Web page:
July 18, 2017 by Jean
Several months ago, I began to think seriously about what I will do when the hassles and physical work involved in maintaining my rural house become more than I can manage. (See The Plan.) After my TIAA financial advisor expressed the opinion that my retirement savings were enough to support living in a fancy retirement community, I decided to visit some of those communities; and two friends, both also single homeowners without children, decided to join me for those visits.
Last week, the three of us toured two different retirement communities, each about an hour away from where we now live. We spent about three hours at each community, meeting with a marketing staff member, touring facilities (including a variety of living units), and ending with a complementary lunch. The two communities have quite different business models. The first was a nonprofit “lifecare” community, where a large buy-in deposit and hefty monthly fees buy you a guarantee of care for the rest of your life. The second was a for-profit business with a similar buy-in deposit, but much lower monthly fees, and no guarantee of care when you can no longer live independently.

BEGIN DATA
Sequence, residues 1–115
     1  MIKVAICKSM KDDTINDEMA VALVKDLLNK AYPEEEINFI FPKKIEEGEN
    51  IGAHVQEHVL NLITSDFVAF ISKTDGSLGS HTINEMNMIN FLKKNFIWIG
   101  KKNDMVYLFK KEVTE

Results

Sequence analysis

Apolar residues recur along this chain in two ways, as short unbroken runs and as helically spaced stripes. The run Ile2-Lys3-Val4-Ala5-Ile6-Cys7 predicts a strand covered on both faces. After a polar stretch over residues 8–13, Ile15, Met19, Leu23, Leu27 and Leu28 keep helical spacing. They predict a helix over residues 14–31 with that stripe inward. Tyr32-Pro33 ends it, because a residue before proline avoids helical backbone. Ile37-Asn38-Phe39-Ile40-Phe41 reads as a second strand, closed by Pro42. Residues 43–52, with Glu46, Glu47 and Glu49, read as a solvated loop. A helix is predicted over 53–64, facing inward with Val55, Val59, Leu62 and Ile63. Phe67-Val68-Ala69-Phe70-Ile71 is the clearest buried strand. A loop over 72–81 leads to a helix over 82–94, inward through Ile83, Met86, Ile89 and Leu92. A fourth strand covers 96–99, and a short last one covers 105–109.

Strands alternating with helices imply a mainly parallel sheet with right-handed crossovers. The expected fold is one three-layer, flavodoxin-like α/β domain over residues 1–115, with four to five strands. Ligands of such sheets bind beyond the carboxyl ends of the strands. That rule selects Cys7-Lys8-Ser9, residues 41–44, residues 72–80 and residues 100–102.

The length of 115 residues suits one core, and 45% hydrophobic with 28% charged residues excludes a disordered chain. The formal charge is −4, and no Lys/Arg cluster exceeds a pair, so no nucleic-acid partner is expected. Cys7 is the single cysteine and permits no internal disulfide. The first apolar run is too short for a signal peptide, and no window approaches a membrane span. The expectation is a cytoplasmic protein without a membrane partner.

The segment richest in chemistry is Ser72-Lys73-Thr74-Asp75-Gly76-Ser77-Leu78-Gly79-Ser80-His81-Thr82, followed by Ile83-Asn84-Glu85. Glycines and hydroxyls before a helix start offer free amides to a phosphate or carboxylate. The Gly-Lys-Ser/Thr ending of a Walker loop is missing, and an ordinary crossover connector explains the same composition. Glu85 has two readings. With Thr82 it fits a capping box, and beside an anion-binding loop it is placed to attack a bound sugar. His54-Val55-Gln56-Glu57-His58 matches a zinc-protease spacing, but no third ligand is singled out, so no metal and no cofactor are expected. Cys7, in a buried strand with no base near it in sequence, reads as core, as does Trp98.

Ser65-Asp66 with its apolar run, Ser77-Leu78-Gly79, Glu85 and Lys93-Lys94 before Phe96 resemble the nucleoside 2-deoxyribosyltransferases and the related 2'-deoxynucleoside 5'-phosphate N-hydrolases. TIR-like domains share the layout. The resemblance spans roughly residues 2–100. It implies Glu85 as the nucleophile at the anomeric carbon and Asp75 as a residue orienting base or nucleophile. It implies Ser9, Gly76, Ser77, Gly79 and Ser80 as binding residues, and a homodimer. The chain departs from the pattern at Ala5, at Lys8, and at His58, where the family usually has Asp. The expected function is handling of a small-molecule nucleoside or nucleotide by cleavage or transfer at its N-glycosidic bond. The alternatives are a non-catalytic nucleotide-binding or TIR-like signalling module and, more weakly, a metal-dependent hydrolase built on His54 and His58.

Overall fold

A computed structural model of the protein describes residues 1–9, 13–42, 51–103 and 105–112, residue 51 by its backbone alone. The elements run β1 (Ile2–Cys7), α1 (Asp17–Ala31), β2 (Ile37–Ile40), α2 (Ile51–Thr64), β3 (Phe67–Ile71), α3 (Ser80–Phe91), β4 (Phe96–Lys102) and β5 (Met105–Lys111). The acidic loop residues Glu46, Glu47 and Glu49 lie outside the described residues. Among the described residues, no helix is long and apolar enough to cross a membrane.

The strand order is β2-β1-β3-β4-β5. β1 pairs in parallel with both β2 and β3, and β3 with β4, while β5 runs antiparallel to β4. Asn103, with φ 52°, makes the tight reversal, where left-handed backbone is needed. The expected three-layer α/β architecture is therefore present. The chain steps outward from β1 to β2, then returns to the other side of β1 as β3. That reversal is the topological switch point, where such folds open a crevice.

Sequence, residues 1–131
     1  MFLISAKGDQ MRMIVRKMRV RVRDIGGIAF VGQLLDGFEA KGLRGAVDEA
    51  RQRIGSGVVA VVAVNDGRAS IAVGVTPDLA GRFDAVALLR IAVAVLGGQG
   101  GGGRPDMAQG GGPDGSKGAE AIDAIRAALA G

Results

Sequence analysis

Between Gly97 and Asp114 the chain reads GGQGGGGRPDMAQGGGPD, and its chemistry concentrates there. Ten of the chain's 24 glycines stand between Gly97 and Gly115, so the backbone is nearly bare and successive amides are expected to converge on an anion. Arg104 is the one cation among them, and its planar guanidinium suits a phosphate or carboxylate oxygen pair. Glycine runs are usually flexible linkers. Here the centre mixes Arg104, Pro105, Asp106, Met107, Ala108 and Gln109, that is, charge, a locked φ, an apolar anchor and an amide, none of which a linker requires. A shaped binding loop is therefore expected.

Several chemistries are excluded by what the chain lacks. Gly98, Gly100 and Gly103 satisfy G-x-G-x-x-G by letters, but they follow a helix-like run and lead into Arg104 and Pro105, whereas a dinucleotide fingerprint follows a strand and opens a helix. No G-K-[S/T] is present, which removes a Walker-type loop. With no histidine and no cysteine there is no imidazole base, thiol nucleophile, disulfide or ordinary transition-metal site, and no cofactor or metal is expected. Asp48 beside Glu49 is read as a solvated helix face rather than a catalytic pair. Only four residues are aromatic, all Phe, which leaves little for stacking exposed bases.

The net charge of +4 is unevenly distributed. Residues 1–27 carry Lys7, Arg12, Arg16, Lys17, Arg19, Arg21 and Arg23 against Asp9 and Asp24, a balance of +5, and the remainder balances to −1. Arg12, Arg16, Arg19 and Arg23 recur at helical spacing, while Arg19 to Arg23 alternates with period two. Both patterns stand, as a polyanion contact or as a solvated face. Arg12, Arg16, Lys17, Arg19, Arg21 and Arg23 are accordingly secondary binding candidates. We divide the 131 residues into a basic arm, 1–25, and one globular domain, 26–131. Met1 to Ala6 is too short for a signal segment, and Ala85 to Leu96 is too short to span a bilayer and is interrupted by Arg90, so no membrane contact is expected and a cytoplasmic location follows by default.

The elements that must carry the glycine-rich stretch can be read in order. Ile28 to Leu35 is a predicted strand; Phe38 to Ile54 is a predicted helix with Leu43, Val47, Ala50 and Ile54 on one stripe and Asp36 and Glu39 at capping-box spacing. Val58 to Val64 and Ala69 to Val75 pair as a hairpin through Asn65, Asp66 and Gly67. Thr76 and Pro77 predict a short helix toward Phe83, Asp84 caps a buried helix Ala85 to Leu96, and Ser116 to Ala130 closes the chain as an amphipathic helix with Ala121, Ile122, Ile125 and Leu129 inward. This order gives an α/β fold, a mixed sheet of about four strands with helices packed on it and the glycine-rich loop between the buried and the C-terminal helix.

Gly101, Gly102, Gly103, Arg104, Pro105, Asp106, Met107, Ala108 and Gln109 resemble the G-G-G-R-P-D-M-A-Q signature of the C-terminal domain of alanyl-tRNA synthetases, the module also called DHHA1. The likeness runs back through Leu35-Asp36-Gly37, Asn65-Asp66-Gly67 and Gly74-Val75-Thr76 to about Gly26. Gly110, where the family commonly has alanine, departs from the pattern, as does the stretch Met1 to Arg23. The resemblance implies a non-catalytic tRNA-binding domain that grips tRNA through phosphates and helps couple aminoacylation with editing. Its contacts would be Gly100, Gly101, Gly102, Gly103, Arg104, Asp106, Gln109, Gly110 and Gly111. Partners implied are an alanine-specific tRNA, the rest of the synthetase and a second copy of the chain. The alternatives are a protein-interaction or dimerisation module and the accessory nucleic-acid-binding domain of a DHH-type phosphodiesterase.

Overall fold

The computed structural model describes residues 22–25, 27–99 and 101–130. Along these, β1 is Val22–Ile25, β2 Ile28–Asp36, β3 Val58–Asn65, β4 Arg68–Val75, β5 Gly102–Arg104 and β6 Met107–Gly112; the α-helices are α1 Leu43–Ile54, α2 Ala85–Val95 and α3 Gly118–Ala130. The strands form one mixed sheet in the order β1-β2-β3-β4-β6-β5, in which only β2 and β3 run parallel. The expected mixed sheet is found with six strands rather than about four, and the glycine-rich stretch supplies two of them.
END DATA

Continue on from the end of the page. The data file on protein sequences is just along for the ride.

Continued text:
I wasn’t familiar with the “lifecare” model, so quite a bit of our time at the first community was spent with the marketing manager, learning the basics. When you enter this community as an “independent living” resident, you are guaranteed care for life, even when you can no longer live independently and need to move into one of the community’s assisted living apartments or even into their skilled nursing home. Long-term care is then provided at the same monthly rate charged for the type of independent living unit you were previously living in (which is considerably less than the market rate for assisted living or nursing home care). In order to make this model work, the non-profit has strict financial and physical health qualifications for becoming a resident. Although my financial advisor had specifically recommended this retirement community as one I could afford, it became clear to me that this would be true only if I moved to a smallish apartment; I could not meet the financial qualifications for the kind of semi-detached “cottage” that I am interested in. One of my friends was also disappointed to learn that she would not be allowed to share an independent living unit with her disabled brother because he could not meet the medical qualifications to live there independently on his own.